calimaq Translated by Maïa Dereva, edited by Ann Marie Utratel Last week, Katherine Maher, the executive director of the Wikimedia
Amador Fernández-Savater talks with Guiomar Rovira, author of Networked Activism and Connected Multitudes, about punk, Zapatismo, technology, communication, and activist appropriation of the internet.
During the summer of 2017 the P2P Foundation’s Maïa Dereva travelled throughout France. Now she shares the stories of the commons she met along the way, never knowing what she would find in advance.
The rise of Podemos has provoked no shortage of stern omens in the international press, warning of hellish scenarios and dark times ahead were the breakout party to rise to office. One Spanish journalist has summarized those fears in four tidy paragraphs listing the legacy of the present establishment, reframed and handed back in cool satire.
“What does it mean to have €10K in fines? It’s money that never existed, so it can’t be claimed as missing from somewhere. If I pay, would it create wealth? Increase GDP? Socialize wealth, perhaps? Or only change hands? Whose hands are better?”
“Municipal Recipes”, a short documentary which Guerrilla Translation subtitled for the 2015 Zemos98 Festival, features a small group of activists involved in emerging post 15-M municipal initiatives sharing their experiences and expectations over lunch.
“Her intervention, full of circus and theatre, was a clear show of what each individual is, or could become — a powerful social actor. To achieve this, you need only perform an action similar to hers, a sign, a gesture capable of disrupting the usual programming.” A reflection on Art, Beauty and Glitter-bombing Mario Draghi by Leonidas Martín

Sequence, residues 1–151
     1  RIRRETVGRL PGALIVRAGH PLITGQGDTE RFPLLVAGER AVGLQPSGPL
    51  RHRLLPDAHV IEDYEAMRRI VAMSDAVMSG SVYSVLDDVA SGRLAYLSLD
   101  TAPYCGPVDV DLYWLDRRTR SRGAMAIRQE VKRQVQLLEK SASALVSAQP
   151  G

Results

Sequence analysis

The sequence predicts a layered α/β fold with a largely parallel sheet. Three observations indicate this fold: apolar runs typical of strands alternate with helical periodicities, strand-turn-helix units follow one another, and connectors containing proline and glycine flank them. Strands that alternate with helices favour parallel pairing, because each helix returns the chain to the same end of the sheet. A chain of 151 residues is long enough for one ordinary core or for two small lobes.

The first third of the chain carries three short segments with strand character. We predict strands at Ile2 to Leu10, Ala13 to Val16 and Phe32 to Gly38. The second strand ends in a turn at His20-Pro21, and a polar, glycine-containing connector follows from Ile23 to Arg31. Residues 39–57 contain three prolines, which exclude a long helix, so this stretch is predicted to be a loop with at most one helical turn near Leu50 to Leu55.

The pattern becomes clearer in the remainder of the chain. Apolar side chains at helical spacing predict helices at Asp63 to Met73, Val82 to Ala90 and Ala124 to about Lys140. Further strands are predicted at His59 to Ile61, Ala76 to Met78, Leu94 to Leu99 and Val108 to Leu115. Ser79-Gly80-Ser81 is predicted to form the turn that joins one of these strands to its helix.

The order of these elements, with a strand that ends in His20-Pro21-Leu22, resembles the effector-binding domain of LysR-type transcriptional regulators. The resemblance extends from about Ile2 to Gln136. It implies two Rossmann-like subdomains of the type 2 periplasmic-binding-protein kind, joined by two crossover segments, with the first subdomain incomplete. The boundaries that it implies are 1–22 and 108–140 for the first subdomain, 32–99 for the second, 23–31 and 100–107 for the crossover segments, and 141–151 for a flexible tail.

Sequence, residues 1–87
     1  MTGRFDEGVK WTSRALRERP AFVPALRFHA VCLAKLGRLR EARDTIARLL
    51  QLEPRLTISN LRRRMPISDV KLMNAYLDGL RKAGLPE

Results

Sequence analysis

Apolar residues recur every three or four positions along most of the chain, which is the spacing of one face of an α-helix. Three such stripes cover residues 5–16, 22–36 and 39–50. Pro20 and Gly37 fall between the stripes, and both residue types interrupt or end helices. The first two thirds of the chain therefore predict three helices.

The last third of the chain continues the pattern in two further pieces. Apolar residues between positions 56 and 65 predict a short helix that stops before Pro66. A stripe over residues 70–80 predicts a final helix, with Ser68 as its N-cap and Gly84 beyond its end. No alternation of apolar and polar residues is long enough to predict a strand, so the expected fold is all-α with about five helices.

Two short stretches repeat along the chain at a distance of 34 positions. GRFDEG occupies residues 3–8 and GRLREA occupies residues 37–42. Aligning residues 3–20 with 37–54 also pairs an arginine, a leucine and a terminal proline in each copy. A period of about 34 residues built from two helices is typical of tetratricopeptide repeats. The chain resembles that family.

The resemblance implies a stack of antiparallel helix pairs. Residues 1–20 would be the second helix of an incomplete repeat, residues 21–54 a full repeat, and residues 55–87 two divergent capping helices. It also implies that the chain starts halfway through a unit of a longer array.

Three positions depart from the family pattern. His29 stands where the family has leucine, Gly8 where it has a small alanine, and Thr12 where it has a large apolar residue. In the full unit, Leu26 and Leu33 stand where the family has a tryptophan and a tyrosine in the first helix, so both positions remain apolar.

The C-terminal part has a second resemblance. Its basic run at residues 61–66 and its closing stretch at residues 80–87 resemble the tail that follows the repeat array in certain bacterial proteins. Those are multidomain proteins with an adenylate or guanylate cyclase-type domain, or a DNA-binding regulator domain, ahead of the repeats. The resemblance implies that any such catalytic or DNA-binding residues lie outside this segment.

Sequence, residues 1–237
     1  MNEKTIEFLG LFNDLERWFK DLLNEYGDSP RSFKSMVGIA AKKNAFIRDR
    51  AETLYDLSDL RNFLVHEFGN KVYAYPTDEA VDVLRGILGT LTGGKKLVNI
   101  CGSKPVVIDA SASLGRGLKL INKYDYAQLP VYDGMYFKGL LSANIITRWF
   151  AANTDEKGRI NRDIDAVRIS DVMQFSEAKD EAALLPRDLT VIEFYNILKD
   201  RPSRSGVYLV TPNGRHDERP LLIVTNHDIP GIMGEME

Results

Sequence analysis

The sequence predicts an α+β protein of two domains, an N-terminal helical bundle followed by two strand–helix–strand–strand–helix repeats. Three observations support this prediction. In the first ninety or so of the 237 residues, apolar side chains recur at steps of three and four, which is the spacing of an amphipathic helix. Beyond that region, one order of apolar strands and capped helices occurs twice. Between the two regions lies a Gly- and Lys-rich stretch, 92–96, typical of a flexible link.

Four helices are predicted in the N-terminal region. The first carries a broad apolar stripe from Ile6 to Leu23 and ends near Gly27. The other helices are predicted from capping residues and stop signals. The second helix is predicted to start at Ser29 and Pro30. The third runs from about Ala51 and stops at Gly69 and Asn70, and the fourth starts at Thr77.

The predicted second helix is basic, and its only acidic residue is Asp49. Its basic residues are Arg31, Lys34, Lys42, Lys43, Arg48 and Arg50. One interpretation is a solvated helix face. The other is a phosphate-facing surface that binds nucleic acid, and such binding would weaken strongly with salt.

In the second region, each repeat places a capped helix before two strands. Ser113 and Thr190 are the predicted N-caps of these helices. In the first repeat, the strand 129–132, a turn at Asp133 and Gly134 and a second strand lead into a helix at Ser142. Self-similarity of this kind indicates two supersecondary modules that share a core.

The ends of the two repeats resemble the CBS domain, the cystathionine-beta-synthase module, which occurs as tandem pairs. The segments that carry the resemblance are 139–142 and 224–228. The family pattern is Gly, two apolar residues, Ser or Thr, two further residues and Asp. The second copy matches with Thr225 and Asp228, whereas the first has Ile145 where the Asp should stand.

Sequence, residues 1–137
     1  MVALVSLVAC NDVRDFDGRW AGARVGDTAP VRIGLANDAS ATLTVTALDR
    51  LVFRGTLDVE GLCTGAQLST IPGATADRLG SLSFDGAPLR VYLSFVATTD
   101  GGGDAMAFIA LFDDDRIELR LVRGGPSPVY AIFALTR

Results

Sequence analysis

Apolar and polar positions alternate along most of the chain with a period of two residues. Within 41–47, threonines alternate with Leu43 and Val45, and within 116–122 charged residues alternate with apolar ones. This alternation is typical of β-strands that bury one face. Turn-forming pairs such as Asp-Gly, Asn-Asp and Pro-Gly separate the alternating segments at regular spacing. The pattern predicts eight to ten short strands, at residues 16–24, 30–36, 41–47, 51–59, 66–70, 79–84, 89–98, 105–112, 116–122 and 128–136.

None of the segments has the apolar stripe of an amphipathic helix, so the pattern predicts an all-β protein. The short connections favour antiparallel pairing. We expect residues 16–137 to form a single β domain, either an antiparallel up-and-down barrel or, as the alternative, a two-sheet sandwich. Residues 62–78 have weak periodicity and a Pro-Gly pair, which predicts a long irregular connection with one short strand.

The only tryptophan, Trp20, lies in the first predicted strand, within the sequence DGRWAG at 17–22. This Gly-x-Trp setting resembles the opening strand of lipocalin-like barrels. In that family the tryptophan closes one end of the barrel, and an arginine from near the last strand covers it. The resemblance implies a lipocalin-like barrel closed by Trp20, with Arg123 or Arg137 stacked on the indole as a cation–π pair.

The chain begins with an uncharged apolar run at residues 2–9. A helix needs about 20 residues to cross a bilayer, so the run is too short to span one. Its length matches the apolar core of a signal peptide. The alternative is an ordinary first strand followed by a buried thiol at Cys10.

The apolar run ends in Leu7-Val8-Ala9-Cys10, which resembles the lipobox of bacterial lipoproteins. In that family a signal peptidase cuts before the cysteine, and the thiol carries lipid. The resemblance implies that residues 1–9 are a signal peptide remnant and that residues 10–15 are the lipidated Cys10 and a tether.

Guerrilla Translation co-founder Ann Marie Utratel describes Guerrilla Translation’s journey in the last year and gives an overview of our new websites and our plans for 2015.
My dear friend, I know what you’re going through. Neoliberalism has you possessed and you don’t know how to get rid of it. If it’s any consolation, let me tell you that you are not alone. Neoliberalism, more than an ideology or a policy, is a demon that has possessed everything. It has possessed the State and all its institutions, the hospitals, the schools, and the workplaces. It has also possessed us. It has taken our bodies, our desires and yearnings, our ideas and dreams. And once possessed, the demon of neoliberalism governs us under its one law: the law of competition.
“We met with John Holloway in the city of Puebla, Mexico, to ask him if, after everything that has happened in the past decade, from the progressive governments of Latin America to Podemos and Syriza in Europe, along with the problems for self-organised practices to exist and multiply, he still thinks that it is possible to “change the world without taking power”.
“In traditional contracts, each party is free to decide whether to fulfill the contract, whether to only partially implement the contract (by leaving out some obligations), or whether to breach the contract (and pay instead for damages or compensation). By contrast, in the case of smart contracts, parties have no choice but to implement the contract, because the contract has been encoded, written into the code. It cannot be breached unless one actually manages to break into the code.”
An interview with Enric Duran, who’s currently busy organizing the FairCoop Open Cooperative, a community-built effort to alleviate global economic inequalities through the use of mutual credit, reputation systems and cryptocurrencies.